Tuesday, January 17, 2023

Crisis Hostage Negotiator Newsletter - January 2023

 Happy new year everyone. I hope the new year is off to a great start for each of you. Make sure to have a look at each story below, I think they are all worth it. One of the best ways to stay sharp is reading!

Last month we held our 3rd annual Resilience Symposium where for the latest version, we had space experts from NASA and other organizations share about their great work and resilience. A bunch of video snippets and full sessions have already been uploaded. Take just over one minute to watch this one - I think it will resonate with many of you. 

Police Resilience Training (Free!)
Due to some partnerships and grants, I have some opportunities to provide free (yes free!) resilience training for police personnel. These workshops have already been given to police personnel across the country (and world) with some really great feedback and published research on it.

At the moment, there are opportunities for agencies in the following locations only:
  • Long Island (NY)
  • New Hampshire
  • Connecticut 
  • Maine
  • Maryland
Last thing I will say is if you know me, this type of training is not "check box training" - it's designed by police for police. These training and workshops have also be given specifically to negotiator teams including those recently in the FBI - NJ and Toronto.

If your agency is interested (this is not for individuals to sign up), send me an email, or a message on LinkedIn. 

42nd Annual Hostage Negotiation Seminar
Once again one of the top negotiator events of the year is coming up. Make sure to mark your calendar. Have a look at the image, so really interesting presentations. 

Crisis Negotiator Skills: The Experts Weigh In

(From the article) 90% either always or usually debrief after an incident. This highlights the importance of reflecting afterwards on what worked and did not work in order to improve effectiveness for the next incident. Experts in crisis incidents do not “wing it.” Rather, they know what works, how it works, and analyze incidents afterwards in order to continue doing what is effective and know what is not effective so they can try to avoid it next time.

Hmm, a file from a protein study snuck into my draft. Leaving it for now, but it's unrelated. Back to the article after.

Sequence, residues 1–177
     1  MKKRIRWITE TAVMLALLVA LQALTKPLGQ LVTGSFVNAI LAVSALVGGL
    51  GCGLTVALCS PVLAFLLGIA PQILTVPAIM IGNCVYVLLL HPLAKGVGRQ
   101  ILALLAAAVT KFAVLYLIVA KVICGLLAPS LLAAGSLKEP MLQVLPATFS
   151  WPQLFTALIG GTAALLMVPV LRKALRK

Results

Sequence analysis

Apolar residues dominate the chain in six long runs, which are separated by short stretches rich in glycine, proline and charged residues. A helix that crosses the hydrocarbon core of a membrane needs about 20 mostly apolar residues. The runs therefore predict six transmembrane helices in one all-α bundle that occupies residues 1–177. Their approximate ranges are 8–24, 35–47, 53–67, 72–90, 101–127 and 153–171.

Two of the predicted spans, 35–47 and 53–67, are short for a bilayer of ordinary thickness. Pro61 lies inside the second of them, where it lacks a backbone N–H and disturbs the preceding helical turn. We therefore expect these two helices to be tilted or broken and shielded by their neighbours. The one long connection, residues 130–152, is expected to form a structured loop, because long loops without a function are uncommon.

Read the article at Psychology Today here.

‘You’re pathetic.’ Texas police negotiator insults man on ledge, stirring anger online

Mississippi police kill woman holding hostage inside Walmart store and demanding to speak to a news anchor
A video posted to social media showed a woman holding a gun in one hand and using the other hand to hold onto a person wearing a Walmart employee vest. The woman with the gun yelled that she needed help and wanted to talk to a news anchor.

Ransomware Attacks: Tips And Tricks For Getting A Favorable Deal
3. Be Honest
Trust me when I say people can see through falsehoods, sooner or later. If you’re trying to buy time or mislead the attacker, it can cause them to cut off communications, and that’s the last thing you want. So, be honest and tell them that you need time to arrange the money. Or, you can even tell them that their demands are beyond your capacity. This sort of blunt honesty might bring you closer to finalizing a deal.

(Movie Review) 'The Point Men' recounts S. Korean hostage crisis in Afghanistan
"The Point Men" sheds light on the 2007 South Korean hostage crisis in Afghanistan by focusing on the desperate rescue efforts, walking the fine line between what happened on stage and behind the scenes.
...In July 2007, 23 South Korean missionaries are taken hostage by the Taliban, and a South Korean negotiation team is dispatched to Afghanistan.

Northeastern professor’s new book trains crisis negotiators for life-or-death calls
“From these maps,” Kevoe-Feldman says, “we can identify specific patterns and communication practices that work well, and we can pinpoint points of miscommunication.”

Did you know? Hostage negotiators sharpen their skills in San Marcos
The training this week at Texas State University this year attracted almost 30 hostage negotiation teams from across the U.S. and from as far away as Singapore.
Read more from CBS Austin.

Kidnapping for ransom: the new normal
...The abductor directed her to bring the money to Adama without stating where. As soon as they have the money, her brother will be released, the abductor said.
The conversation went on. “I’ve never seen that much money. How am I going to get you this right now?” she asked. The kidnapper immediately lost interest in continuing the conversation. She insisted on engaging in bargaining, giving her a little bit more time to speak.
Read more from The Reporter here

The Art of Hostage Negotiations—When You’re the Hostage

Naked man held grocery store clerk hostage at gunpoint, court documents say